CHECKDB From Every Angle: EMERGENCY mode repair – the very, very last resort

Restore 500GB SQL2000 database from tape using NetBackup 6.5.3.1

The other day I was restoring a 500GB SQL Server 2000 database from tape using NetBackup 6.5.3.1 and it didn’t work well. Well, it didn’t work at all. No matter how many times I tried, I kept getting this error:

Status Code 41: network connection timed out

This was not the first database I’d tried and I was able to restore other databases successfully, so I knew there was nothing wrong with the network. One thing I could think of was the relatively large database size.

At that moment, I was 50% sure that the error was caused by a timeout setting somewhere in NetBackup. Since I had limited experiences working with NetBackup, I turned to Google and found the following article:

DOCUMENTATION: Restores of large Microsoft SQL server databases using the NetBackup for Microsoft SQL Server database extension fail before jobs start reading data from tape.

With Microsoft SQL server, the restore process starts by having SQL allocate all of the data files that will be used for the SQL Database. SQL then writes zeroes to all of these files. If this is a very large SQL database, this process can take a significant amount of time. Only after Microsoft SQL finishes writing zeros will it start requesting data from the NetBackup agent. Generally there is no appearance of activity until the Microsoft SQL server is ready to start requesting data to recover the SQL database.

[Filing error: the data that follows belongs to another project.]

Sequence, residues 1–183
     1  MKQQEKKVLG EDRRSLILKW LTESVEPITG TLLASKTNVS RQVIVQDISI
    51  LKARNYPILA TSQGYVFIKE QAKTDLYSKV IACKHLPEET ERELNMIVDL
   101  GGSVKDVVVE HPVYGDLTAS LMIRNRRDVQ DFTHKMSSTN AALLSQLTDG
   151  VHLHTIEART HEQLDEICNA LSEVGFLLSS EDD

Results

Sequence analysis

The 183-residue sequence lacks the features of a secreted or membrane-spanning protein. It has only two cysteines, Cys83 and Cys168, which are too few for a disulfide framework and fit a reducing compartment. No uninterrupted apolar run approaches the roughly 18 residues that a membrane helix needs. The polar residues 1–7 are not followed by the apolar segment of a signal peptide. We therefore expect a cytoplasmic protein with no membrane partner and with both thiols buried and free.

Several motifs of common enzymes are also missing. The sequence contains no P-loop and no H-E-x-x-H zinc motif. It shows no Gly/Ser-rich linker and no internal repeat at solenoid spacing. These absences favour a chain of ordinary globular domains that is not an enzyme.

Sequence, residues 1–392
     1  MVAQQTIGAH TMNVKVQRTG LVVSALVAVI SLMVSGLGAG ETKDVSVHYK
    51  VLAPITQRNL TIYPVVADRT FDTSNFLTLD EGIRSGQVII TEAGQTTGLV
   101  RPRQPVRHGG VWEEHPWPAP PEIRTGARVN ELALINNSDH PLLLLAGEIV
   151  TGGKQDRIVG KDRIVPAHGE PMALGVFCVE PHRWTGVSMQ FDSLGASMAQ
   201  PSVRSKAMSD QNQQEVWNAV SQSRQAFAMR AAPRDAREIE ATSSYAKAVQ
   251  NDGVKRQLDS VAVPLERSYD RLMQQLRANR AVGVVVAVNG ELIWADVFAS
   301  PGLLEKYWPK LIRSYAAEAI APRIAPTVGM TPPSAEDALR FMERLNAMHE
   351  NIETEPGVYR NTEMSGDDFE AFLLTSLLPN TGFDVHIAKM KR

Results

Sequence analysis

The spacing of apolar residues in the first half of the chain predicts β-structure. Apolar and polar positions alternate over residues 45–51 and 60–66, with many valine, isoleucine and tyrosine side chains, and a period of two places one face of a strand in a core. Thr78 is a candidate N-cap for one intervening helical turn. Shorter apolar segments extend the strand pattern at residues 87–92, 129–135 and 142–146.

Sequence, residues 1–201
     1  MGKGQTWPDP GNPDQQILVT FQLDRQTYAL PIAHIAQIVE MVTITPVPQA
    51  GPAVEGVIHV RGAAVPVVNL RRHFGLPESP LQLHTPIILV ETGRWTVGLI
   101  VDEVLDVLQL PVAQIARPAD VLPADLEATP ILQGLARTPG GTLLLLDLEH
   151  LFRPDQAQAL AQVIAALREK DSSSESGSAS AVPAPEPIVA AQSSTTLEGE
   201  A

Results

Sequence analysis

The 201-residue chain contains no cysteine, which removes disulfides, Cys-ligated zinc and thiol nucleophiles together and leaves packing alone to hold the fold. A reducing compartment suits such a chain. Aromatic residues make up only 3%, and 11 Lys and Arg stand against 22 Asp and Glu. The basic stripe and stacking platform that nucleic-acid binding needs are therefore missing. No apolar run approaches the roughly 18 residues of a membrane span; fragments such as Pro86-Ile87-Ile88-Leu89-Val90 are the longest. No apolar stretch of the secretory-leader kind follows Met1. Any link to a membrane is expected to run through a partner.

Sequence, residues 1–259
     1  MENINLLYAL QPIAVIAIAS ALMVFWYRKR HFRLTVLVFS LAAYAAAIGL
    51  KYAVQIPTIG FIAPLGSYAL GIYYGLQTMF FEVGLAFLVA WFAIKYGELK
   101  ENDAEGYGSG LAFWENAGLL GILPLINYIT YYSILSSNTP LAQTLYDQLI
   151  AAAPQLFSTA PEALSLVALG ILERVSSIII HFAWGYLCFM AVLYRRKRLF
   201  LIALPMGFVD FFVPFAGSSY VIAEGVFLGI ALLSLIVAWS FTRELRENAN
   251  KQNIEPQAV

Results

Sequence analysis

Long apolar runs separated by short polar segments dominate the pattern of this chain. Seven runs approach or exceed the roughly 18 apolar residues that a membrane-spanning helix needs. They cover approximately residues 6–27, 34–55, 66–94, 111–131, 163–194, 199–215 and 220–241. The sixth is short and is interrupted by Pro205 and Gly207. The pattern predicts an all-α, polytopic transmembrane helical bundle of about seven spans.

If the NetBackup “Client Read Timeout” for that client is not large enough, the restore processes will have already timed out before the SQL Server requests the first byte of data.

It all made perfect sense to me and luckily I had read about instant file initialization before so I knew it was exactly it. I’d managed to connect all the dots and came to the understanding that: